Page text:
Q. Why do we have two very different names for a couch/sofa? When you look on craigslist, they are used interchangeably. Is there a difference?
-- S.J.D., of Belleville
A. I'm surprised you didn't mention "davenport" as well.
That's what I remember my mom calling the large, uh, seating apparatus covered by a blinding floral print that graced our living room in my earliest years. Or, how about divan, settee and Chesterfield? With so many choices to explain, maybe you'd better pull up a straight chair so you don't nod off.
If you had lived in 19th century France, you would have had no problem distinguishing a sofa from a couch. Imprisoned in your tight-fitting corset, gigantic hoop skirt and showy bustle, simply finding a comfortable place to sit would have been a challenge.
So, French furniture makers obliged by offering the "couche." Often called the "fainting couch," it generally was armless (or had one arm at most) with a tapered back and provided an informal, but easily accessible seat, particularly for women feeling overcome by their restrictive outfits.
On the other hand, sofa comes from the Arabic word "suffah." Originally, it described a bench that had been covered with blankets and cushions and generally had two arms.
From those descriptions, you may start to see how distinct they are, according to homedit.com. Sofas generally seat four, may include a pull-out bed and customarily are reserved for formal use and settings such as a living room or business meeting. The smaller couches seat two or three and are popular for informal get-togethers, making them perfect for a rec or family room.
But as you note, people over the years apparently became a little linguistically sloppy and started calling sofas "couches" and vice versa. At the same time, the other terms I mentioned earlier seem to have fallen out of favor. See if any of these ring a bell (it may depend on where you have lived):
If you were born before World War II, you likely remember "davenport," especially if you lived in the Midwest or New York. The large sofas, which often included a hideaway bed, were manufactured by the A.H. Davenport Co., of Cambridge, Mass., and proved so popular that their name became a genericized trademark like Kleenex and Xerox.
The company is now defunct but the name lives on in modern culture. In his song "Disorder in the House," Warren Zevon sang, "I'm sprawled across the davenport of despair." And arcade owner Noah Vanderhoff described "Wayne's World" as "two chimps on a davenport in a basement."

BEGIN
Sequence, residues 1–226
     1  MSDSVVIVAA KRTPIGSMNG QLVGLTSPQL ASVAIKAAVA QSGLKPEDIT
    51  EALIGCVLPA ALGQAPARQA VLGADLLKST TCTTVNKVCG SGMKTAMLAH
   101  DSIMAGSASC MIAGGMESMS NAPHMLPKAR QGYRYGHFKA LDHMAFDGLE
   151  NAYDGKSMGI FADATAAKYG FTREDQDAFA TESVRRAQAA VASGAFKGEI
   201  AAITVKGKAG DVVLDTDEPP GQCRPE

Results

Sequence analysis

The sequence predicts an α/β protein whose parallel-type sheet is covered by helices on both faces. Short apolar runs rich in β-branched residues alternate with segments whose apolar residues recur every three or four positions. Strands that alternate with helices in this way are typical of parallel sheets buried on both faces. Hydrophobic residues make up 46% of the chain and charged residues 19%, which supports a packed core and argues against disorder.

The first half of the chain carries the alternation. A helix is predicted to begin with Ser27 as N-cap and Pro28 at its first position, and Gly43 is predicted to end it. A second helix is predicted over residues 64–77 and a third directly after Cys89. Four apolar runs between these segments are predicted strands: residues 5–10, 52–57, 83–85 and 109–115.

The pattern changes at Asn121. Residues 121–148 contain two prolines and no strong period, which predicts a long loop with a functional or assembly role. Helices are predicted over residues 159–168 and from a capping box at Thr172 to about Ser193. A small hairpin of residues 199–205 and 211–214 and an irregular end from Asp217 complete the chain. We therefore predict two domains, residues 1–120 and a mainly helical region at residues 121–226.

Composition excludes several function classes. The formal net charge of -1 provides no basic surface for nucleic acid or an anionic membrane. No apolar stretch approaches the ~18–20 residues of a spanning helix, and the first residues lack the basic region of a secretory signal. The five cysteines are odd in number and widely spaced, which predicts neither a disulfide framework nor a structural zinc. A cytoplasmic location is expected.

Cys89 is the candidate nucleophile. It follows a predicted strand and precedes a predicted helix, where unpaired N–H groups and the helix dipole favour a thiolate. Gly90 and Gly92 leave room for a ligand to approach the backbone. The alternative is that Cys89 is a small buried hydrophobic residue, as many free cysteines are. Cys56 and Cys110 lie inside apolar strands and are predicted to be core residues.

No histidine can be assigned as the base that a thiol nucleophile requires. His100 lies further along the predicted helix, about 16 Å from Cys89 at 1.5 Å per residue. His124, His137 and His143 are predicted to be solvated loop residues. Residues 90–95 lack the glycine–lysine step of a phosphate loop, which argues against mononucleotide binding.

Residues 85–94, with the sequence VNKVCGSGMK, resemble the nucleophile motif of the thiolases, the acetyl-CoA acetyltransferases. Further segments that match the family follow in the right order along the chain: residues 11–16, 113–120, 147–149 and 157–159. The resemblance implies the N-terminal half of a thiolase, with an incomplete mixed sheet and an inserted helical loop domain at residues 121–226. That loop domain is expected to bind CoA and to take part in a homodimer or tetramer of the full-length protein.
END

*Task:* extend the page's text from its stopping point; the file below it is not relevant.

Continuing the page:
Similarly, the Kroehler Manufacturing Co. in Naperville had a trademark on Davenette, "an upholstered Davenport bed," from 1951 to 1992. In the Northwest, they often called them davenos (or daveneaux). Meanwhile, fashioned much like a couch, "divan" comes from a Persian word for customhouse and the furniture that decorated it.
Of course, you can't forget "settee," a small to medium-size sofa whose name comes from the Old English "setl" for a long bench with high backs and arms.
The only mystery seems to be "Chesterfield," a popular upholstered sofa in England since Victorian times. Some think it was named for the Earl of Chesterfield while others argue it honors the town in the county of Derbyshire. Regardless, it, too, has made its way across the pond. In an episode of "Family Guy," when Rita tells Brian to leave her key on the davenport and he doesn't understand, she finally says in exasperation, "The Chesterfield!"
Q. A friend of one of my children used to date Courtney Gousman, who was a reporter on KSDK-TV Channel 5 for a while. Whatever became of her?
-- P.J., of Fairview Heights
A. After stops in Jefferson City, Mo., Evansville, Ind. and St. Louis, the Hampton University grad last June returned to her native Chicago, where you'll find her reporting for WBBM-TV. Catch up with her latest stories at chicago.cbslocal.com.
In 1859, who won what is often regarded as the first college baseball game ever played?
Answer to Tuesday's trivia: In the fall of 1953, Hugh Hefner put together his first issue of Playboy magazine at his kitchen table in his Chicago apartment. He had begged and borrowed $8,000 from friends and family to launch his dream of a sophisticated men's magazine. Yet he was so unsure of whether it would sell that he didn't even put a date on the cover. He probably planned on holding on to his most recent day job: circulation manager of Children's Activities magazine. Instead, that first issue, with its calendar photo of Marilyn Monroe, sold 50,000 copies, launching his empire, according to his biography at hmhfoundation.org.
Send your questions to Roger Schlueter, Belleville News-Democrat, 120 S. Illinois St., P.O. Box 427, Belleville, IL 62222-0427 or email@example.com or call 239-2465.